Finding a Voice: Place & Queer Student Health at the University of Saskatchewan
Within recent years, there has been a growth of interest in both queer health and geographies of sexualities. However, the majority of this research has focused on both queer health and use of space as they related to sexual activity, sex-related health risks, and desire, while overlooking those aspects of both queer identity and health that are not directly tied to sexual activity. This study addresses these gaps within the literature by studying queer health using the lens of place. The objective of this study is to understand how self-identified queer students at the University of Saskatchewan negotiated space and in particular, safe spaces, in their daily lives, and how this negotiation affected their health and well-being. This research was conceptually guided by ideas within feminist thought and queer theory. The study took place in Saskatoon, Saskatchewan and included a group of five University of Saskatchewan undergraduate and certificate students who self-identified as queer. Participants were recruited through advertisements posted both online and throughout the campus. Data were collected through an action research approach with methods that included individual interviews, group meetings, and Photovoice. Results of the study include a list of elements that participants used to label safe spaces and lists of common safe spaces and safe areas on the University of Saskatchewan campus and throughout Saskatoon. Participants in this study emphasized the relationship between the people who made regular use of a space, its overall "feel," and their familiarity with the space with its level of safety, while also making it clear that queer was not always synonymous with safe. These findings yield insight into the process that individuals use to mentally label space and the subsequent ways in which this labelling influences use of space and, on a broader level, reflects individual and group identity. This raises some important questions about current definitions and ideas regarding safe spaces and provides a foundation for future research.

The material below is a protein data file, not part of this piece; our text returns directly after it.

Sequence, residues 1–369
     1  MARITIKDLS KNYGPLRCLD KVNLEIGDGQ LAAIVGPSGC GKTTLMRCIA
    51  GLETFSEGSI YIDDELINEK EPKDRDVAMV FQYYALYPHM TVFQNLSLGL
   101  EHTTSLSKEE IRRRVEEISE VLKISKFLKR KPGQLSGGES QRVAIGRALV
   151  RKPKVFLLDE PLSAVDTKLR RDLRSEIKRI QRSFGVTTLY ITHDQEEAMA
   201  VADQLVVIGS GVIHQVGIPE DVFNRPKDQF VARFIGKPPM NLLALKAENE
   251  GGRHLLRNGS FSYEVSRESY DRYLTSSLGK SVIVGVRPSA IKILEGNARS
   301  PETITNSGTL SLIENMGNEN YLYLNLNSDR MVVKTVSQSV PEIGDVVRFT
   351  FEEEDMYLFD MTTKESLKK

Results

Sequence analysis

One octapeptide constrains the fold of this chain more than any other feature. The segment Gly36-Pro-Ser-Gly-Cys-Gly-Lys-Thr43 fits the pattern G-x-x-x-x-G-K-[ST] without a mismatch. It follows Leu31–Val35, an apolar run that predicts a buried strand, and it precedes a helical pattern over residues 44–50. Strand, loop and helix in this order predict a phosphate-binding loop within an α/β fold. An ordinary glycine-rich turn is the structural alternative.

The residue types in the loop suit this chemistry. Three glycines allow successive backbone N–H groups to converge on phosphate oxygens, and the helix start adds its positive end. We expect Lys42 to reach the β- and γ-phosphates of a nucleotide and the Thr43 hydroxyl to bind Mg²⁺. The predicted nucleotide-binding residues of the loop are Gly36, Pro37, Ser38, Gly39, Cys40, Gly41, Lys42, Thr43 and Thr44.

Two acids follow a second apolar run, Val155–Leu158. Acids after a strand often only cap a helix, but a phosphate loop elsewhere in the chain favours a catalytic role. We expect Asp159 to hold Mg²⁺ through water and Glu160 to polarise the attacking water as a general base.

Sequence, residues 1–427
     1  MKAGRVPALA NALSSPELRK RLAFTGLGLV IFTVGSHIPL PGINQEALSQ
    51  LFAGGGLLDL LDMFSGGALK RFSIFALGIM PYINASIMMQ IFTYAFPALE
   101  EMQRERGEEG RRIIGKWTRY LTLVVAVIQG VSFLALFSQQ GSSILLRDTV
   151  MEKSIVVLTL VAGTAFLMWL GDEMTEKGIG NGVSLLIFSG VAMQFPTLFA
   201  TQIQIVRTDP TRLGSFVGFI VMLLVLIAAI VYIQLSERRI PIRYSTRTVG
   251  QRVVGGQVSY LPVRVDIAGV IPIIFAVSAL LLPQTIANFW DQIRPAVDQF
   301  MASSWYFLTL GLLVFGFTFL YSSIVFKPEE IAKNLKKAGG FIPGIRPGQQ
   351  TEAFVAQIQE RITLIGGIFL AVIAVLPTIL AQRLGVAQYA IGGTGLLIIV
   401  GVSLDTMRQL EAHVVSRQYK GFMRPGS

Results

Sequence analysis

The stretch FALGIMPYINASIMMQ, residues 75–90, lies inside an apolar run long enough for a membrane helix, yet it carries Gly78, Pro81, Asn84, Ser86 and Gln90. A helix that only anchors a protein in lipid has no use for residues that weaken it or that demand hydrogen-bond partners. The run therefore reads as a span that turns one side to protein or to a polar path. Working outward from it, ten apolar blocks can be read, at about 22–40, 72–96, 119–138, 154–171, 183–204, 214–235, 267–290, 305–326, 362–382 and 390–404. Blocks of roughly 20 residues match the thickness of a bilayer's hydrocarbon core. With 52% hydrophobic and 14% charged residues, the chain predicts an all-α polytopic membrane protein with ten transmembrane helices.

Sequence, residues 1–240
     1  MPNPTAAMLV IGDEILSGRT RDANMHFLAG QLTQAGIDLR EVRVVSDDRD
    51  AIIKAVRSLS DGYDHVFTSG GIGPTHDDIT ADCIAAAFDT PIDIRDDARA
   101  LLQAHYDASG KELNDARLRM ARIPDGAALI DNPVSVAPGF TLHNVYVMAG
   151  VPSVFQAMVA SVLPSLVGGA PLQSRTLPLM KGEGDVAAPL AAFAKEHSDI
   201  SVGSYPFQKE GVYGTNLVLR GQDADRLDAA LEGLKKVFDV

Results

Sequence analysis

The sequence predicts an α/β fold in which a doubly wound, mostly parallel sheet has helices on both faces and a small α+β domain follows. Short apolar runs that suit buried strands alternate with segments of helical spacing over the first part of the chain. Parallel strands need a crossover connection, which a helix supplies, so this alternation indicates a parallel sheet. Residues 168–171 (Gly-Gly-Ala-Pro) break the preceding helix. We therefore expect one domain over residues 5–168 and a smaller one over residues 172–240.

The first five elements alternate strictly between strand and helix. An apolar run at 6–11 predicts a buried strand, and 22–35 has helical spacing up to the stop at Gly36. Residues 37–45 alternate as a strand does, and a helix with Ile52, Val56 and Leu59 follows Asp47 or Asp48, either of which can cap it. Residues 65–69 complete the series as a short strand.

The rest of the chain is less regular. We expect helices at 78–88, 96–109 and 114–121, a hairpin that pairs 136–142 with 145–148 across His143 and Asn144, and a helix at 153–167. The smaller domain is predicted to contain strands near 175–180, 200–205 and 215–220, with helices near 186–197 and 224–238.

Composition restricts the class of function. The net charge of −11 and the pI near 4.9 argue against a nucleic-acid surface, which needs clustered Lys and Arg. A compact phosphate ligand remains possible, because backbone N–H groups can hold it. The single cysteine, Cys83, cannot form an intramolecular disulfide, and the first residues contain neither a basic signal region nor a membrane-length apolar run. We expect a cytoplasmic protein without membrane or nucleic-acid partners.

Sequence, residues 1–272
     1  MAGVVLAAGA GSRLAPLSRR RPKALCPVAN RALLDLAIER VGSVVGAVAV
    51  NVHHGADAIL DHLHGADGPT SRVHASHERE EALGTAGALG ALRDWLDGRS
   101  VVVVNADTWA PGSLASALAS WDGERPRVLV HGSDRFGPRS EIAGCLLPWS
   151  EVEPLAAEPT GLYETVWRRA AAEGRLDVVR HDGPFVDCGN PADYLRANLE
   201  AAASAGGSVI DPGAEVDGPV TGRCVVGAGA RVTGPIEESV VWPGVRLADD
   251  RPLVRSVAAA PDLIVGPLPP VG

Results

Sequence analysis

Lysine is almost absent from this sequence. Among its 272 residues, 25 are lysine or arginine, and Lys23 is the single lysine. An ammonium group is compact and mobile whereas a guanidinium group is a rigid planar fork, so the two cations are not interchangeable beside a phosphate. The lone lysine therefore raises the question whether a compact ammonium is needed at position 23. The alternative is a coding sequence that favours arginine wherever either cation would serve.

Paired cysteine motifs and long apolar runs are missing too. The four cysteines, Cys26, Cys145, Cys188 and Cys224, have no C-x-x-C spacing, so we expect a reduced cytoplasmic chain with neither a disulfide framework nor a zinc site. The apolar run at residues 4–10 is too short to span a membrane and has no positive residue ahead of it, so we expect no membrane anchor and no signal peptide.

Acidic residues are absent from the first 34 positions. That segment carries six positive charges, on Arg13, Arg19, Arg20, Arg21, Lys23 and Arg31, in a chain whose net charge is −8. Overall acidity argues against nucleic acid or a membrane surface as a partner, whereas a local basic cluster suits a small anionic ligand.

DegreeMaster of Science (M.Sc.)
DepartmentCommunity Health and Epidemiology
ProgramCommunity and Population Health Science
CommitteeDowne, Pam; Hanson, Lori; Lawson, Karen
Copyright DateApril 2013